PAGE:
Rental squeeze getting worse as vacancy rates tighten

Australia’s rental crisis has become even harder for tenants, with new data showing prices rising and more difficulty in finding a place to live.

The latest CoreLogic rental review for the first quarter of the year reveals a 2.5 per cent rise in the cost of rent nationally.

The increases mean renters will on average have to fork out an extra $52 a week, or $2727 a year.

Vacancy rates have fallen to near-record lows, with 1.1 per cent of rental properties available.

The shortage has been driven by a return to pre-pandemic overseas migration levels, coupled with a shortage in rental listings across the country.

The report’s author Kaytlin Ezzy said the findings showed renters were facing an even harder time.

“The re-acceleration of Australia’s rental market won’t be welcome news for those tenants already struggling to find affordable accommodation in our capital cities,” she said.

“There’s already a chronic undersupply of advertised rental stock in many parts of the country that’s translated into record low vacancy rates across most capitals.”

Figures have shown the number of national rental listings at under 95,000 properties – 17.3 per cent below levels at the same time last year.

Sydney has overtaken Canberra as the most expensive city to rent in Australia, with a median of $699 per week in the past quarter.

While it had the largest quarterly rise in rent, Melbourne is the country’s most affordable city to rent with a median of $526 per week.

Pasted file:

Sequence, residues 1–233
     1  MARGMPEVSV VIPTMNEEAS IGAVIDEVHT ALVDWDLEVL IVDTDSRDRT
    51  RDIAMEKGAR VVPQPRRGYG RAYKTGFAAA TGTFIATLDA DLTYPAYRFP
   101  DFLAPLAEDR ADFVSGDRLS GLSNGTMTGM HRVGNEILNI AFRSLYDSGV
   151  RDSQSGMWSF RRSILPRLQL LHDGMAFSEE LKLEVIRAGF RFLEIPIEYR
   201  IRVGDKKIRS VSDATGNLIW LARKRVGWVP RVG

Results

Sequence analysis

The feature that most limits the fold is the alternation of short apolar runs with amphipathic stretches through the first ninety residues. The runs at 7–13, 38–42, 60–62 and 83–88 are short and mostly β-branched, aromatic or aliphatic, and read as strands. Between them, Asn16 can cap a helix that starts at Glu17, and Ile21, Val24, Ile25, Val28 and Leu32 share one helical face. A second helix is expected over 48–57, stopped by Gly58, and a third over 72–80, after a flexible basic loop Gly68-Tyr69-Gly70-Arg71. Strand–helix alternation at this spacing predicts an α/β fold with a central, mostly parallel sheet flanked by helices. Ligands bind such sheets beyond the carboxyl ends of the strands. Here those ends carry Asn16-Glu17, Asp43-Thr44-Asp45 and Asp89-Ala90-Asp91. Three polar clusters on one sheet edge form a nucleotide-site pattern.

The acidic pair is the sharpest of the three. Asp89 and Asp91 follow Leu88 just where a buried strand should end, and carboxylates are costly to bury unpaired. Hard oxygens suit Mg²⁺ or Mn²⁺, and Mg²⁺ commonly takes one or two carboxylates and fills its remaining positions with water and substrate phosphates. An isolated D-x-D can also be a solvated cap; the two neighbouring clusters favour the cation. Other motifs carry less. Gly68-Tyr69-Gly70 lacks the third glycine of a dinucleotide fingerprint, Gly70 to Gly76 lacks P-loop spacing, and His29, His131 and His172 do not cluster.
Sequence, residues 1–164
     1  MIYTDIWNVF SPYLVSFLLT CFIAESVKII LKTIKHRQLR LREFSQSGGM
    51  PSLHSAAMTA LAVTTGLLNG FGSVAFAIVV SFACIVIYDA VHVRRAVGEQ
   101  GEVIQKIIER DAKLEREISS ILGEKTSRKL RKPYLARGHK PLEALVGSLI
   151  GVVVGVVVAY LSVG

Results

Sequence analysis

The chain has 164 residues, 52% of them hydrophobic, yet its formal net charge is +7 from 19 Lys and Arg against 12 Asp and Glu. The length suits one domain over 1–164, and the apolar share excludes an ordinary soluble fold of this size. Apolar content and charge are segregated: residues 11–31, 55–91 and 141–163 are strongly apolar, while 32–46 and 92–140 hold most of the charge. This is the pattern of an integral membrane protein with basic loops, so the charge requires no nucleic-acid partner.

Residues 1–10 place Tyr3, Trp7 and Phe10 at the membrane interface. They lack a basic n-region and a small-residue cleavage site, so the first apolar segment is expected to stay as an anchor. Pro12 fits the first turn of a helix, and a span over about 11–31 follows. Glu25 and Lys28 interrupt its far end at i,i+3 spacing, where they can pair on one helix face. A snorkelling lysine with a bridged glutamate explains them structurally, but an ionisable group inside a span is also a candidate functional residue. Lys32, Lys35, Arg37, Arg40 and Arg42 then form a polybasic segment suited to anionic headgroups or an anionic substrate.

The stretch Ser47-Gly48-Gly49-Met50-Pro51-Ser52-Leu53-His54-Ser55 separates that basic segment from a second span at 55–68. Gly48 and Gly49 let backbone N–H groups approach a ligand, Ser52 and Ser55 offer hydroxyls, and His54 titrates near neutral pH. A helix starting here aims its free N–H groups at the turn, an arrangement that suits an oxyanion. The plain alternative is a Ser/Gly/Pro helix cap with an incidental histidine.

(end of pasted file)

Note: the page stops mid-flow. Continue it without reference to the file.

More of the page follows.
Ms Ezzy said it was unlikely there would be any relief for renters in the near future, with high weekly rental prices and low availability set to remain.

“Tenants coming up against affordability constraints have limited opportunities and unlike home owners can’t borrow to pay rent,” she said.

“It’s likely some tenants are now sacrificing the spare room or home office and re-forming share houses that disbanded throughout COVID in order to share the rental burden.

“Those who have the financial means to pull together a deposit might be taking the plunge into home ownership sooner while others are locking in longer leases, rather than brave the hunt for a new rental.”

Meanwhile, a new report by PropTrack found median rents had gone up nationally by more than 11 per cent in the past year.

It’s been the fastest growth in rental prices since before the pandemic.

The report found every major market recorded rental price rises in the past quarter, except the ACT and regional SA.


Andrew Brown
(Australian Associated Press)


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